SOUTH BEND, Ind. (AP) — Notre Dame's defense dominated Navy and Tennessee State the last two weeks.
“There’s no doubt he’s a challenge,” second-year defensive coordinator Al Golden said. “Anyway, that’s what we signed up for. This is great. It’s a great opportunity for us.”
A barometer, too. Notre Dame (2-0) limited its first two foes to just one field goal each, marking the first time since 1975 the Irish haven't allowed a touchdown through their first two games.
The strong start has the Irish ranked among the FBS' top six in scoring defense and total defense (162.5 yards per game).
But it's about more than producing promising stats against overmatched opponents. The defense also looks better and appears capable of keeping Notre Dame in the playoff hunt as the schedule gets tougher.
Coach Marcus Freeman isn't surprised.
“I really believed in the second year of the same scheme, the same coaches, our players are truly understanding the details of the defense,” he said. “Now they’ve been able to go out and execute.”
Freeman understands why. The former Ohio State linebacker got a first-hand glimpse of why continuity matters as the defensive coordinator at Purdue, Cincinnati and Notre Dame before becoming a head coach last season.
And while Navy and Tennessee State certainly aren't Ohio State or Southern Cal, both presented unique challenges because of their differing offensive philosophies and the fact they had an entire offseason to plan for the Irish.
A little bit of Irish luck helped, too.
Navy may have scored on its opening possession if two open receivers hadn't collided while trying to catch a fourth-down pass. Last week, the Tigers had Notre Dame befuddled on their opening possession. Tennessee State gained four first downs on a 15-play, 55-yard drive and even once caught the Irish with 10 players on the field.
But Notre Dame showed its mettle by digging down and settling in.
Tennessee State averaged just 2.3 yards per play after that first possession despite playing against Notre Dame’s third-string defense most of the second half.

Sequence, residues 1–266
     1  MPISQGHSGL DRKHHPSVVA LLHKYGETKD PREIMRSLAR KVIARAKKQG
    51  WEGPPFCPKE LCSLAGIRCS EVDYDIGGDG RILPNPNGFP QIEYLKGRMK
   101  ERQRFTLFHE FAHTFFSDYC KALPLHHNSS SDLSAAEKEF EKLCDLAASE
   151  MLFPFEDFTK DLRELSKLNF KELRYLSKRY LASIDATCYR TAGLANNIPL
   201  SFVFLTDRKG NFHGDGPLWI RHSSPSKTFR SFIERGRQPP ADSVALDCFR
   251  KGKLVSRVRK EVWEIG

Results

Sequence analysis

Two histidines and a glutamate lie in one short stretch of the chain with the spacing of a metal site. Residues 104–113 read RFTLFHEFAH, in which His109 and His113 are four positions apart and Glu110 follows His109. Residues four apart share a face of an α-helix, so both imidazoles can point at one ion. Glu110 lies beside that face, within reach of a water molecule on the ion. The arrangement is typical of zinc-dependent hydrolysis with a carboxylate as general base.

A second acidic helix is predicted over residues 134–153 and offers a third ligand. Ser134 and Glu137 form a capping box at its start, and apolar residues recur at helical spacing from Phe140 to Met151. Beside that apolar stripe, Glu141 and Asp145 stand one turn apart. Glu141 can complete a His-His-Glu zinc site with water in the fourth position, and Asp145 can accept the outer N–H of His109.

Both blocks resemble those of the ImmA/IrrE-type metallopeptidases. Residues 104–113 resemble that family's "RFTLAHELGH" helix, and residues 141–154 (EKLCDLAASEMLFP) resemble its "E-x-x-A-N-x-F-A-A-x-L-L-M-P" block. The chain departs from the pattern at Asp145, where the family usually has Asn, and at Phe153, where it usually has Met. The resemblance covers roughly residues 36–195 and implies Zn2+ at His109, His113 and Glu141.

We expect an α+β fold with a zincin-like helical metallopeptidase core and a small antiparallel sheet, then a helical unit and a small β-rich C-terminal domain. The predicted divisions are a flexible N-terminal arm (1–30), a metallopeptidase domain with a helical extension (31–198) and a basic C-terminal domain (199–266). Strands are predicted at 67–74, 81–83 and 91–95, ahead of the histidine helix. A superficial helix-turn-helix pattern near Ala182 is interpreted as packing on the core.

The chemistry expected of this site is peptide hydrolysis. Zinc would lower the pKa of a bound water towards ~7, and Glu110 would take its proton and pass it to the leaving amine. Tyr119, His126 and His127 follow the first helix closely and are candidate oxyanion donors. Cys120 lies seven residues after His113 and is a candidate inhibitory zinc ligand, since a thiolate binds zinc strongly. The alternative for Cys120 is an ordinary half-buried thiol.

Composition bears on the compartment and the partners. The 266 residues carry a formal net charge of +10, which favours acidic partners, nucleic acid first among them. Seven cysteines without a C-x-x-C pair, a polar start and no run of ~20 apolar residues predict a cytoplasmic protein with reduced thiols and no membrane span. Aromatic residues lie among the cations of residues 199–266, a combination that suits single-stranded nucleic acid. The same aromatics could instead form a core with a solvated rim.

Another slow start this week could prove costly against Armstrong, who completed 17 of 26 passes for 155 yards and led the Wolfpack with 19 carries for 95 yards and two TDs in their season-opening 24-14 win over UConn.
“He’s big. He’s strong,” Golden said. “You’ve got to wrap him up.”
Last year, Notre Dame struggled at times to meet expectations. Navy, Stanford and UNLV averaged 24.0 points against the Irish even though all three finished in the FBS' lower tier for scoring.
Notre Dame wound up 9-4 and was ranked 39th in points allowed, but it still was a dramatic dip from the previous four seasons. Each of those Brian Kelly-coached teams had top-15 rankings, leading to two playoff appearances and a 44-7 overall record.
But Notre Dame appears to have fixed its biggest weakness — red zone defense — and it could lead to a revival.
A year go, opponents scored TDs on 27 of 34 trips inside the 20-yard line (79.4%, No. 128 in FBS). This year, opponents are 0 for 5 in the red zone, settling instead for just those two field goals.
“It has to be an understanding that the field shrinks and your matchups have to become really tight," Freeman said. "There’s not a lot of space for zone defense down there. All those things come into play, and they’ve shown in the first two games.”
Of course, there's plenty of room for improvement.
Notre Dame has only three sacks this season and missed 11 tackles against Tennessee State, many of which enabled quarterback Deveon Bryant to escape the pocket and extend plays. Golden knows it's a problem that must be solved or the defense could pay a steep price, starting this weekend.
“We need to tackle better than we did last week,” Golden said. “We need to get more pressure on the quarterback. I’d like to see us keep attacking the football.”
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